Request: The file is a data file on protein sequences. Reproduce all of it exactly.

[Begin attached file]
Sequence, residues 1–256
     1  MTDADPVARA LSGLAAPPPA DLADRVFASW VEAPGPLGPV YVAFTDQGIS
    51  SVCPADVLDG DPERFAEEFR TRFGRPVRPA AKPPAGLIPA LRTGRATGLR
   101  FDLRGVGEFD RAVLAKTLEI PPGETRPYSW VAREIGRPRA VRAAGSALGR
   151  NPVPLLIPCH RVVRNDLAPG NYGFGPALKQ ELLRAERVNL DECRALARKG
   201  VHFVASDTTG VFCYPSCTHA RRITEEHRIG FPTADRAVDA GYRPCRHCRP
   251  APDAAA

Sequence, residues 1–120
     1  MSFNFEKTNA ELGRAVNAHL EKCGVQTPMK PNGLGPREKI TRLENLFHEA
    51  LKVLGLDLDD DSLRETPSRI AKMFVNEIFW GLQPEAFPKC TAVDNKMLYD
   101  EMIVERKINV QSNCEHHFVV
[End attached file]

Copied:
Sequence, residues 1–256
     1  MTDADPVARA LSGLAAPPPA DLADRVFASW VEAPGPLGPV YVAFTDQGIS
    51  SVCPADVLDG DPERFAEEFR TRFGRPVRPA AKPPAGLIPA LRTGRATGLR
   101  FDLRGVGEFD RAVLAKTLEI PPGETRPYSW VAREIGRPRA VRAAGSALGR
   151  NPVPLLIPCH RVVRNDLAPG NYGFGPALKQ ELLRAERVNL DECRALARKG
   201  VHFVASDTTG VFCYPSCTHA RRITEEHRIG FPTADRAVDA GYRPCRHCRP
   251  APDAAA

Sequence, residues 1–120
     1  MSFNFEKTNA ELGRAVNAHL EKCGVQTPMK PNGLGPREKI TRLENLFHEA
    51  LKVLGLDLDD DSLRETPSRI AKMFVNEIFW GLQPEAFPKC TAVDNKMLYD
   101  EMIVERKINV QSNCEHHFVV